When the assembly is inserted into the die and subsequently resized to fit this particular die, the drawings are copied automatically into the current folder at the same time and are parametrically updated with the new sizes as well as with your job number for this design.
With generic plates and parts that are completely unique to each die, the drawing still is copied as the die is modeled, along with some information. Of course, additional detailing is needed since these items have features that are unique to this design. You are likely to find this automatic drawing creation feature extremely helpful.
Simplified Section Views. Section views are especially easy to create with 3-D. Once a 3-D model is created, it is simply a matter of drawing a line through where you want the section to be and clicking on the section view icon.
The downside is that section views are 100 percent accurate. Designers using 2-D had been accustomed to "cheating" when making section views by drawing items out of place. With 3-D, you often have to generate more, smaller section views to capture all the details.
Diemakers can use a free viewer and just drag a section anyplace they wish to through the model. So it is logical to question why you need to see section views on paper; you can see more detail, including context, more quickly on-screen.
Better Design Reviews. Three-dimensional die design can enhance the productivity and effectiveness of design reviews. It is commonplace for reviews to occur in a group setting in a room with a projector and screen. In a matter of seconds, you can reveal only the lower half of the die with the strip overlaid, or turn off the strip, or provide any combination of the four main assemblies (die half, punch half, stripper, and strip layout) to the viewer. You can click on any surface and drag a section view through the tool in real time (see Figure 2).
Additionally, by using the right combination of colors and transparent models, you can look at the entire die assembled on the screen—like a doctor looking at an X-ray (see lead image).
Many questions arise about both the pros and cons of 3-D die design software and what to expect during and after implementation.
Not Quick to Learn. First, there is no question that the learning curve for 3-D die design software is higher than for 2-D software. This is because with 3-D you are doing much more than just creating lines and circles. You have to allow time to get up to speed. Be patient and the higher learning curve is likely to pay off big dividends in the long run because you are building a virtual model of the die.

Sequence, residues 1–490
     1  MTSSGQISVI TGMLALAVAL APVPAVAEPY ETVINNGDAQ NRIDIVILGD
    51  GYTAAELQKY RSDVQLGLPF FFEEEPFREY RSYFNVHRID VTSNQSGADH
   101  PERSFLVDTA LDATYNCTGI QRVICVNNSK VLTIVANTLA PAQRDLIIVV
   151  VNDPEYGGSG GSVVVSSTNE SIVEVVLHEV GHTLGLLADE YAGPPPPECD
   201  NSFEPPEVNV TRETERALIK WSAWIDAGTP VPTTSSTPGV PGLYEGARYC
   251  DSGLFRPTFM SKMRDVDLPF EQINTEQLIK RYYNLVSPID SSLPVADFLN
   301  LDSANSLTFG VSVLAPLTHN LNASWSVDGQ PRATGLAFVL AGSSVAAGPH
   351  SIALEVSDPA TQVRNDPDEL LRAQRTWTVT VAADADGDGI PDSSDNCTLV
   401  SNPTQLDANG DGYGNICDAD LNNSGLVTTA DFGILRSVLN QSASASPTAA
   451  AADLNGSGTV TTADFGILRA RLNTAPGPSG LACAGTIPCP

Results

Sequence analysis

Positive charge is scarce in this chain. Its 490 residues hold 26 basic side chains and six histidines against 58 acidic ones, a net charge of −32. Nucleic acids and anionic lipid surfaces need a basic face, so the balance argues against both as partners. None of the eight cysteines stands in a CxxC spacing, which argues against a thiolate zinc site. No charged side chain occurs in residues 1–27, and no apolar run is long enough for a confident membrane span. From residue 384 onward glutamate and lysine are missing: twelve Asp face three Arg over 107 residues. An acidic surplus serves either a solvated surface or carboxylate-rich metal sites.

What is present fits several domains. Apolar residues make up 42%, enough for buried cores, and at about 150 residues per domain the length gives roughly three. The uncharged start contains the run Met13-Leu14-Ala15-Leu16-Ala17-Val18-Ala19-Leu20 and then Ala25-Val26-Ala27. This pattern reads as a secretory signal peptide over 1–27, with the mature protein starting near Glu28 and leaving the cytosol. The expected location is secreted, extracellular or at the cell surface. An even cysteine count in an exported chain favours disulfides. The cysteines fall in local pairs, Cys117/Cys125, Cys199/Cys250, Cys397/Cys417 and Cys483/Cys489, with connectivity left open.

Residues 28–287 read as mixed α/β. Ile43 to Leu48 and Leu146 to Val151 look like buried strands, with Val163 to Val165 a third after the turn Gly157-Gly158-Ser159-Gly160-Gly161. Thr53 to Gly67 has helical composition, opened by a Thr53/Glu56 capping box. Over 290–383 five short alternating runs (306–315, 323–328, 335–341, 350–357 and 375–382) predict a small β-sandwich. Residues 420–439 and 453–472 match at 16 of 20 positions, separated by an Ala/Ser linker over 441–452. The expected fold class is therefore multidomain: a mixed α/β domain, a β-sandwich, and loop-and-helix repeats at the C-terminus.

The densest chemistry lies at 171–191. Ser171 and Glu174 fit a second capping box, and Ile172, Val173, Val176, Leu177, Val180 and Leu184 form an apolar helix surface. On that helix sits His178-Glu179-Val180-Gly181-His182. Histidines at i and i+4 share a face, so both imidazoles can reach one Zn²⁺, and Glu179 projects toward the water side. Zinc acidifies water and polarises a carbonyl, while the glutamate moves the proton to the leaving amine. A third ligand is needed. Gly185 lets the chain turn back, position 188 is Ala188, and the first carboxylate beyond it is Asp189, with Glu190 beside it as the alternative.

Don't Depend on Old, Slow Hardware. The most overlooked area that can cause the biggest roadblock to success is also the least expensive one—the computer hardware itself. This cannot be overstated.
Imagine buying a beautiful, custom-built sports car with everything but the engine. Your die designer is the driver. Your goal is to win races. If you put an old, worn-out engine in this sports car, things can go very wrong very fast. You must be prepared to invest in a fast computer and the complete package to get a fast finish with 3-D die design software.
Two-dimensional die design doesn't require much power. But with the automation that takes place using 3-D die design software, you need power. It is also important that it is the right computer hardware for your software and that you don't just buy an expensive computer and think this is what you need based solely on its cost. It needs to be tailored to the software that you select. Good computer hardware for 3-D die design will cost between $3,500 and $5,500. Of course, the faster the computer, the faster you'll get things done.
Doesn't Come Cheap. The outlay for computer hardware and software for 3-D die design is more than you would pay for 2-D hardware and software. Stampers and die shops are used to paying $250,000 for a punch press, or $50,000 for a machining center. But paying $15,000 for software is something shops are not used to doing.
Calculating the return on investment (ROI) of 3-D die design software as if it were a machine will provide a realistic evaluation of its value. The cost of a die design is relatively low compared to the cost of the rest of the die. Design process improvements pay off on the bottom line—from monetary, timing, and quality standpoints.
Three-dimensional die design software does more than create lines and circles. Once you are up to speed, you get much more in return. So much computing power and know-how is available. Why not take advantage of it?